Monday, July 30, 2012

Feathers to fly as airport approves turkey shooting: John Murtha Johnstown-Cambria County (KJST), Johnstown, Pennsylvania

Airport leaders are talking some serious turkey when it comes to the safety of aircraft at John Murtha Johnstown-Cambria County Airport. 

The authority has approved the purchase of a shotgun to use on persistent wildlife that present hazards at the Richland Township facility.

Last month, maintenance supervisor Josh Keyser told the authority his crews were regularly chasing a group of turkeys off the airfield. Keyser said he contacted the Pennsylvania Game Commission for suggestions and was told experts don’t recommend any type of trapping for turkey.

The commission recommended “lethal measures” using firearms, Keyser said last month.

Several authority members voiced concerns about authorizing the use of firearms by employees. Keyser was asked to investigate more for this month’s meeting.

Authority members stressed last month that the wildlife issue is a serious concern.

“Really bad things happen,” authority member and Cambria County Commissioner Douglas Lengenfelder said.

“When it comes to turkeys, if I hit them in my plane, I’m dead,” authority Chairman James Loncella said.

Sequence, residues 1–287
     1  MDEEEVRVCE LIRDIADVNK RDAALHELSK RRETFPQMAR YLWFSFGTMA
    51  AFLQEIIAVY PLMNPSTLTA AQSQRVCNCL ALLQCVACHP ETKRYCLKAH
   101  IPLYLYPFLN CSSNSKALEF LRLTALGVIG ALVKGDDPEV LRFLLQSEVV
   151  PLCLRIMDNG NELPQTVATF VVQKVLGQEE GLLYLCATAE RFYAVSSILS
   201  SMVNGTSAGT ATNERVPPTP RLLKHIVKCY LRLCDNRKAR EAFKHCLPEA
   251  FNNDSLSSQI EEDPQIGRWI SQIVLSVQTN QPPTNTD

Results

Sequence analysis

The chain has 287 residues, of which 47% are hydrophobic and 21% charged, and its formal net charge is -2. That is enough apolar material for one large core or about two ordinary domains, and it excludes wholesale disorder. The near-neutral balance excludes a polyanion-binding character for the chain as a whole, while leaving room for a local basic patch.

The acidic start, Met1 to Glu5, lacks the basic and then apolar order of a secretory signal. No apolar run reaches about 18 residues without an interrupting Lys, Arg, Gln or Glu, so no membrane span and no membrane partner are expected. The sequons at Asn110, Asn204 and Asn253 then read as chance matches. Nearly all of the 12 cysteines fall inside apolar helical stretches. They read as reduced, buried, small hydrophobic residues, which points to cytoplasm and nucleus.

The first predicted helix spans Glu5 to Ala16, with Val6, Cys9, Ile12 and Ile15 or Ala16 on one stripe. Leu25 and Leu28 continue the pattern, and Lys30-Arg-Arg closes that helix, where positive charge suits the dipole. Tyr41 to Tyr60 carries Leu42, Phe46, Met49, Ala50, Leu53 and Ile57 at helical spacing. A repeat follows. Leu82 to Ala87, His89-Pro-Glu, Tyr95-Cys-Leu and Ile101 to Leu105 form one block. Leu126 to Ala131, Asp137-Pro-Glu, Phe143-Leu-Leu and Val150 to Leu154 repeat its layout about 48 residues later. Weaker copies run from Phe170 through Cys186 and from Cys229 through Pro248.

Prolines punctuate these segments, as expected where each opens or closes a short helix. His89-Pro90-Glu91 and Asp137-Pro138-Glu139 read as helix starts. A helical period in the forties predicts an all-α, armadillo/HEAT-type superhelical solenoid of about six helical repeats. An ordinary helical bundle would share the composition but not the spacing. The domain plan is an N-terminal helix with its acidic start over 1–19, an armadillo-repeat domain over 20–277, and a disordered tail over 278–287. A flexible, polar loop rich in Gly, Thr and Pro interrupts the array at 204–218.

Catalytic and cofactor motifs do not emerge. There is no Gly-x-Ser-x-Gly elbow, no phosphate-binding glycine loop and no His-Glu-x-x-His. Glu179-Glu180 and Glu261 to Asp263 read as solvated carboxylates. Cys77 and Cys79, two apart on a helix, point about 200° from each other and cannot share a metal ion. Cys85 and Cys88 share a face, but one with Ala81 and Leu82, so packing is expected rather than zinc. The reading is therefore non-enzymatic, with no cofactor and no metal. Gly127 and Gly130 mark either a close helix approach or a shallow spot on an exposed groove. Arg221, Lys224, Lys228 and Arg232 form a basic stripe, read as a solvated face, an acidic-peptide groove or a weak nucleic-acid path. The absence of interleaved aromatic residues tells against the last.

Keyser on Tuesday reported the game commission had no new suggestions, and pointed to a recently completed wildlife hazard survey that also recommended shooting birds that present hazards.

The birds are becoming cockier, Keyser reported.

“They aren’t afraid of the vehicles,” he said. “They are used to seeing us. They don’t run away until we get out of the vehicle. We fire some pyrotechnics at them and they don’t move.”

Authority member Raymond Porsch said if airport maintenance workers are trained in gun and hunting safety, they should be able to take care of the turkeys.

“We have to weigh the risks to our airline versus the risks to our personnel,” Lengenfelder said.

“We can either trust the turkeys to stay out from in front of the planes, or we can trust our people.

“I’d rather trust our staff to safely handle the shotgun.”

After a suggestion that the property committee develop firearm handling procedures to be presented at next month’s meeting, authority member Jonathan Gleason said the issue shouldn’t be put off. He made the motion to purchase a shotgun and authorize Keyser to develop criteria and safety rules, including those authorized to use the gun, required training and areas of the property where shooting would be permitted.

The motion passed unanimously.

“It was a difficult decision, but think of what would happen if we failed to act and we had an aircraft accident,” authority member Charles Moyer said.

“I’d hate to be sitting here, trying to explain to the public why we didn’t deal with this problem,” Lengenfelder said.

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